Baseball is awash with statistical analysis. Everything from WAR to WHIP defines how players perform on the field. I’m a bit old fashioned when it comes to statistics. I grew up with Earned Run Averages, Batting Averages and my favorite statistic, Runs Batted In, After all, if you don’t score more runs than the other team, you lose the game. That fact was a major problem for the Tampa Bay Rays in 2014.
Last season, the Rays were last in the American League in runs batted in with 586. That’s 147 behind the league leading Detroit Tigers with 731. Obviously the pitcher-friendly Tropicana Field had something to do with that, but the ballpark can’t be the Rays’ excuse for everything. How do the Rays improve those numbers?
Even I write an RBI piece, I understand RBIs come with their limitations. They are context-driven–hitters get them based on not just their ability to deliver with runners on base, but the quality of their team’s lineup and specifically the hitters in front of them.
But here’s the thing: the Rays can’t be satisfied simply saying “we have a bad lineup” and moving on. If the Rays’ hitters live up to expectations, they will make this team’s offense better, something that will manifest itself in more runs scored and RBIs.
Take Evan Longoria for instance. His top RBI year was 2009, when he drove in 113. In 2010, though, the Rays scored one less run yet his RBIs decreased by 9. From 2013 to 2014, meanwhile, Longoria’s RBIs went up from 88 to 91 even though the Rays scored 88 less runs. Longoria went on an “RBI tear” in the second half, and while the Rays would have preferred a general offensive tear, that still means something.
Specifically in regards to Longoria, though, he can clearly get back to 100 RBI no matter what the rest of this team does. In 2014, he hit to just a .253/.320/.404 line (107 OPS+), the worst triple-slash of his career. If he can get 91 RBI despite that, he could be primed to approach his career-high if he can simply have a typical Longoria year.
Then, once Longoria gets going, everything else could fall into place. Here’s a look at each batting order spot, who hit there primarily in 2014, and who is set to hit there primarily next season.
(Yunel Escobar actually started the most games and 6th, 7th, and 8th for the Rays, so I plugged in a couple of second-place finishers for two of the spots.)
Evan Longoria is set to remain at cleanup, giving the Rays a formidable middle-of-the-order presence to begin from. After that, there are some clear opportunities for improvement. In the leadoff spot, David DeJesus is a trade candidate, but his ability to hit leadoff is a good reason to keep him. He should easily be able to match Jennings’ 36 RBIs from last season.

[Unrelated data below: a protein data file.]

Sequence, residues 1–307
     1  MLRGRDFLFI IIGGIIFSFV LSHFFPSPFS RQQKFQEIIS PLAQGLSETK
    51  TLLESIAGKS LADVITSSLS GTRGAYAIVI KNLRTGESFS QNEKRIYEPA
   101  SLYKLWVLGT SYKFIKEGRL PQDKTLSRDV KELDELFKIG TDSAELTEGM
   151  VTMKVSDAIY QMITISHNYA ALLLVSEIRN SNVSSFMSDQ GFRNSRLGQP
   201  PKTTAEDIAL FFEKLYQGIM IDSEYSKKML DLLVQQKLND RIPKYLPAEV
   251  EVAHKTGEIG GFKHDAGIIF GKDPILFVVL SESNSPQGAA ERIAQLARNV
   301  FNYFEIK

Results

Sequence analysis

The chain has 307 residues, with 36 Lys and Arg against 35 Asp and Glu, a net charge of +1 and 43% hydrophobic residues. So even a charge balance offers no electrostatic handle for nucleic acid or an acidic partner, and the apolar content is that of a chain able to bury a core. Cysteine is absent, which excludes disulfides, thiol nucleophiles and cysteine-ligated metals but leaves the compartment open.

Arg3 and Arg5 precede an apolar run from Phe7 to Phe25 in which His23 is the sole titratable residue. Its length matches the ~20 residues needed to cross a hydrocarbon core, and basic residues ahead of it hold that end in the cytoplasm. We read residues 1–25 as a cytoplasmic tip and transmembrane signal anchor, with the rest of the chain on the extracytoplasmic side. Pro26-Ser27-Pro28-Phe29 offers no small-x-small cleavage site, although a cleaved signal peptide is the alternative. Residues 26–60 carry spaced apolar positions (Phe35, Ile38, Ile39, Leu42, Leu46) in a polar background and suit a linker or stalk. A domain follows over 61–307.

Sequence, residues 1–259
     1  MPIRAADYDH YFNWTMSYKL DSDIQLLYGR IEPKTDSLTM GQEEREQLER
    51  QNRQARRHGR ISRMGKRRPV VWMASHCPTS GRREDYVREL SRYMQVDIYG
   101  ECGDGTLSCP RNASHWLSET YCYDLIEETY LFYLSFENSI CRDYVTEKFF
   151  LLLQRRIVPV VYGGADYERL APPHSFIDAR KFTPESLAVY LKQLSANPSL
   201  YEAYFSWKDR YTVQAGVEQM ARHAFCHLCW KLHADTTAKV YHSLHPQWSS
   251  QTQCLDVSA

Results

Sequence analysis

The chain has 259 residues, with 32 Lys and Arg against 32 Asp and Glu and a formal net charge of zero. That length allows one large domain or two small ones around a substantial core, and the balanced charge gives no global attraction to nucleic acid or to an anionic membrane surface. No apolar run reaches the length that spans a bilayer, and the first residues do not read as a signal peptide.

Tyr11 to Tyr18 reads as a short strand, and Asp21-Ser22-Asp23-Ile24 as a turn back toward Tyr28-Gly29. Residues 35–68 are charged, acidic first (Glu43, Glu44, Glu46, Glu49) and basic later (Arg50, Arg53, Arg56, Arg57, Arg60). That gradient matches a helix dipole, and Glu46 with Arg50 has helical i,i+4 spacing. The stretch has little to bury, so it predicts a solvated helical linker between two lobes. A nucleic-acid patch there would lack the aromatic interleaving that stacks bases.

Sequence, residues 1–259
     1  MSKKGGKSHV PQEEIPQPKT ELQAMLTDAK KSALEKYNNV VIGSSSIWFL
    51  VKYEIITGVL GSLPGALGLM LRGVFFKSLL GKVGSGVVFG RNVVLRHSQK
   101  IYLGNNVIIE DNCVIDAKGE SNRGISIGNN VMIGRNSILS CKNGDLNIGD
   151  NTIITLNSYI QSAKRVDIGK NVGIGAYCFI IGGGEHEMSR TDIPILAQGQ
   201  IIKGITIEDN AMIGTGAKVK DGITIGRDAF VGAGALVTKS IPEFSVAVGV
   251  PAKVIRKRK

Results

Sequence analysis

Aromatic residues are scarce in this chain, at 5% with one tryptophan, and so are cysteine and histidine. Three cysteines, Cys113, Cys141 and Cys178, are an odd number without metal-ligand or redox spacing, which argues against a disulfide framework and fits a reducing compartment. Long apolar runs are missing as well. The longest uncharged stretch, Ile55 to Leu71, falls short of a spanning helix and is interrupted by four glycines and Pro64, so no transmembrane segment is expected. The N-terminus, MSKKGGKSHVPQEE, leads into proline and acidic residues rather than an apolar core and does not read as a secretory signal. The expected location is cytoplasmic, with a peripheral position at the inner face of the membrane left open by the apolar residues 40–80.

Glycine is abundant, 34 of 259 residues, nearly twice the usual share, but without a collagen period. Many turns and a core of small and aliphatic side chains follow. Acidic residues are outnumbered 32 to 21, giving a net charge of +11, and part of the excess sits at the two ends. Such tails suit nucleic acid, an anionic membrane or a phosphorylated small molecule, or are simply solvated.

We know that Zobrist is a better hitter than Cabrera, but there is hope that Cabrera can break out and Zobrist’s RBI total–just 52 from last season–is certainly within reach. At third and fifth, meanwhile, Loney may stay the same, but Jaso has a much better platoon player than Joyce the last three years. If the Rays can keep him healthy, there is no question that Jaso can top Joyce’s 52 RBIs.
Down to sixth, we can debate Wil Myers‘ future, but his 2014 was a disaster that Jennings could definitely improve on. If DeJesus is dealt, on the other hand, Jennings would move back to leadoff and it would be Steven Souza attempting to fulfill the promise the Rays see in him. Myers managed just 36 RBI despite spending most of his time batting 2nd, 4th, 5th, and 6th, and Souza has the ability to do much better than that.
In the seven-hole, Escobar versus Franklin defensively is an interesting discussion, but at the plate, there is no question who is better. Escobar is decent, but Franklin has always had the ability to be special. His 96 OPS+ in 2013 was enough to send him back to Triple-A for most of 2014, but Escobar hasn’t been better than that since 2011. Escobar’s 39 RBIs should be easy for Franklin to surpass.
I don’t even think we need to have a discussion about 8th. Rene Rivera is no sure thing at the plate, but having him as their primary catcher instead of Jose Molina will be a huge boon to the Rays’ offense. Molina managed just 10 RBI in 247 plate appearances last season, a horrifying rate the Rays hopefully won’t see for a long time.
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And now we are back to Kiermaier, who is unlikely to repeat his production from when he was first called up, but the Rays won’t mind too much. After all, your ninth-place hitter is not the guy you rely on the most for RBIs and Kiermaier will certainly make his presence felt defensively. Kiermaier has to prove definitively that he can hit big league pitching in the long-term, but his minimum standard will not be difficult for him to attain given his glove.
Throughout this piece, you saw me struggling to stick to the perspective of RBIs, but looking at the Tampa Bay Rays’ offense from an RBI perspective makes 2015 look a little brighter. Even the RBIs of best hitter they lost–Zobrist–will not be difficult for them to make up next season, and they are set for improvements elsewhere. The Rays need to drive in more runs next season to have a chance at contention, and they have the ability to get there.